Doubly confusing for any English arrivals. Not only does it raise false hope of his favourite hot drink, the overtly friendly “howzit, bru!” is far too familiar and intimate for the traditional gentleman. Go on, just give him his tea. He’s had a long journey.

2. Bunny chows and monkey glands are nothing to be afraid of.

Don’t tell us you’re coming all this way just to carry on eating meat-and-two-veg and egg and chips. We promise they’re not real monkey glands. Honestly…

3. Find yourself in a minibus taxi? Don’t sit in the front!

Unless you’re a qualified accountant with a sense of adventure, dive in the back and enjoy the ride. Otherwise, you’ll be rifling through a wad of notes and a fistful of coins on behalf of your driver and gaartjie, who should be counting it himself but is far too busy whistling at pretty young women out of the open door.

ALSO READ   Mozambique - Secret Debt, IMF and donors outraged

4. There’s something that sets the names apart-heid.

Alarmed to see a statue of coloniser supreme Jan van Riebeeck? Find yourself driving past a school named in honour of apartheid prime minister and Nazi sympathiser, DF Malan? Don’t panic, we just haven’t got around to changing the signs yet. Anyway, we also have a lovely memorial of that nice Cecil Rhodes chap to take your mind off it.

5. Hiring a car? Obey the robots…

No, they’re not our new traffic policing overlords. When you get to the amusingly-named traffic lights, simply do what other South Africans do. Have a quick look around for the cops, then ignore them completely.

6. Join in with the African Walk.

ALSO READ   Transitional Justice In Tunisia - A Painful but Necessary Step Forward

At the robots as a pedestrian? Don’t worry about why they make funny noises here and cross the road like the locals instead. Red or green, make like you’re running across the street waving your arms about, while actually moving slower than walking pace. Don’t ask why, it’s just what we do.

7. Those big birds making a racket aren’t dinosaurs.

Meet the har-de-dar! With a fondness for rummaging through fast food containers and bin bags, they wouldn’t have lasted long in prehistoric times. Placid creatures that pose minimal threat to tourists beyond noise pollution.

8. Township tours are weird.

Sure, poverty porn attracts big television audiences. But the residents of these areas don’t need you flying past, pointing cameras at them from behind tinted windows before posting a one-star review on Trip Advisor because it looked ‘unsafe’, thank you very much.

ALSO READ   Mozambique - President Nyusi Knocks Labour Officials For Their Indifference On Employer - Workers Dispute

9. If someone will be with you “just now”, don’t hold your breath.

Fans of prompt British timekeeping beware, African Time works in mysterious ways. You might be better off trying that other bar down the road…

10. Everything is bigger. Get used to it.

Mountains, journey times, rugby players… South Africa is a supersized kind of a place. And you thought your 45-minute commute to work in London was arduous!

11. Enjoy every second. South Africa is beautiful.

If you learn one thing, learn this: Take in every view, cherish every glass of affordable wine and make conversation with everyone you come across. There’s a lot of negative rubbish written about South Africa – see beyond that and you’ll have the time of your life.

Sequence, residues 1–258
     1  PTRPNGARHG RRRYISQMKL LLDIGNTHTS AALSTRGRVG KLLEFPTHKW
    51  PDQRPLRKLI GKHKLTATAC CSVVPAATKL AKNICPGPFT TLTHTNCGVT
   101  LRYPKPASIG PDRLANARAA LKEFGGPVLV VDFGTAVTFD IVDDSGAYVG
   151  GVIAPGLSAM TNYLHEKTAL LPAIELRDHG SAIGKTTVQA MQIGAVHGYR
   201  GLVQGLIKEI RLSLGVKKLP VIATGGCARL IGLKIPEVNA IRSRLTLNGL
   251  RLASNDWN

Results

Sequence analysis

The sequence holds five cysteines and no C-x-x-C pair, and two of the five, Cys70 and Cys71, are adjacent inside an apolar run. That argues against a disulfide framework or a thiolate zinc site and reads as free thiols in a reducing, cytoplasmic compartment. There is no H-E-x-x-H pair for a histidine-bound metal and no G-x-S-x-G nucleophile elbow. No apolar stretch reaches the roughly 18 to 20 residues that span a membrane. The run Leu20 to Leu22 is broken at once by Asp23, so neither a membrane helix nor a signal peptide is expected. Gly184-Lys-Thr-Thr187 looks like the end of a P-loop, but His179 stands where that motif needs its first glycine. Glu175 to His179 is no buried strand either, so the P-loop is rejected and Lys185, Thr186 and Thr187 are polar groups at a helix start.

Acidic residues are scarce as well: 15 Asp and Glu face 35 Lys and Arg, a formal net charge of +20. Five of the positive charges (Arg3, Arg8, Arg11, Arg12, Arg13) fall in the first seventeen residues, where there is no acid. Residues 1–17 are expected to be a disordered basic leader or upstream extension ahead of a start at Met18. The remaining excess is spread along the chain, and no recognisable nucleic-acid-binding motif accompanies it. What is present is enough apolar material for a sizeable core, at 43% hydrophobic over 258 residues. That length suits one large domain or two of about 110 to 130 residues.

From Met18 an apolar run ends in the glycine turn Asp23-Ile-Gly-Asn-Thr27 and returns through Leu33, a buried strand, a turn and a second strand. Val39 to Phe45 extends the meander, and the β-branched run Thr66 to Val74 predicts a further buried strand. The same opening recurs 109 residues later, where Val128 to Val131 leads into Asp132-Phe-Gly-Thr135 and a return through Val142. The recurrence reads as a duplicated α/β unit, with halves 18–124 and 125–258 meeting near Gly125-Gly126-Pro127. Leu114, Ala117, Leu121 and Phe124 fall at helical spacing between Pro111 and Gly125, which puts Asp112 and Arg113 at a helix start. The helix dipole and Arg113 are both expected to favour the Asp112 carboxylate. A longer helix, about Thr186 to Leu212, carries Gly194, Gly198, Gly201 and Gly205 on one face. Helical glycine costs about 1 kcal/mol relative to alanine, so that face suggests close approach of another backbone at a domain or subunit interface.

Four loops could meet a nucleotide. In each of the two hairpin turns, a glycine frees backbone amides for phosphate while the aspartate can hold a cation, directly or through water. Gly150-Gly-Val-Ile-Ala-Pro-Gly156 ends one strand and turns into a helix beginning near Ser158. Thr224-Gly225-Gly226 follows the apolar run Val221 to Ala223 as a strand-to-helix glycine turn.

Continue Reading

South Africa

Cautious optimism as latest analysis shows reduction of maritime crime across traditional hot spots

Published

on

The Gulf of Guinea, south-east Asia and the Indian Ocean High Risk Area (HRA) have all seen a significant reduction of reported maritime crime throughout July, August and September of this year according to the latest Q3 analysis released by Dryad Maritime.

With the exception of the Sulu Sea, incidents of maritime crime in south-east Asia are at the lowest since 2009 and i the Indian Ocean HRA there were no confirmed acts of piracy in Q3, with the last recorded incident of piracy reported on a merchant vessel in 2014.

In the Gulf of Guinea and in Nigeria’s Economic Exclusion Zone (EEZ) there has been a decrease in the frequency of attacks with just four attacks against commercial shipping at sea off the Niger Delta since early July, this compares to 36 in the first six months of the year.

ALSO READ   Transitional Justice In Tunisia - A Painful but Necessary Step Forward

Despite this quarter’s positive statistics, the analysis is released with the caveat that expectations for the remainder of the year, especially in relation to the Gulf of Guinea, should be tempered.

Ian Millen, Chief Operating Officer at Dryad Maritime, said: “We have cause for some optimism on piracy and maritime crime, with a generally stable and improving situation in some areas balanced against some serious cause for concern in others.
“In the Gulf of Aden and Indian Ocean, Somali piracy remains broadly contained and, in south-east Asia piracy is at its lowest level since 2009, with a 65% reduction when compared to this time last year. The bad news, however, is 81 people have been kidnapped, seven have been killed and 61 remain in captivity.

ALSO READ   Mozambique - Secret Debt, IMF and donors outraged

“Beyond piracy and maritime crime, the maritime domain poses other threats. From conflict situations ashore in Libya and Yemen, to the threat of anti-ship missiles in busy shipping lanes, evidenced by recent incidents in the southern Red Sea, seafarers continue to trade and transit in some dangerous waters.

“The continuing humanitarian crisis of Mediterranean migration puts other pressures on the shipping industry and its seafarers; a situation in which ships’ crews have responded to admirably.

ALSO READ   Mozambique - President Nyusi Knocks Labour Officials For Their Indifference On Employer - Workers Dispute

But despite all of the global maritime risks, we should remember those who are well-informed and well-prepared can continue to operate safely across the vast majority of the globe.”

Continue Reading

Trending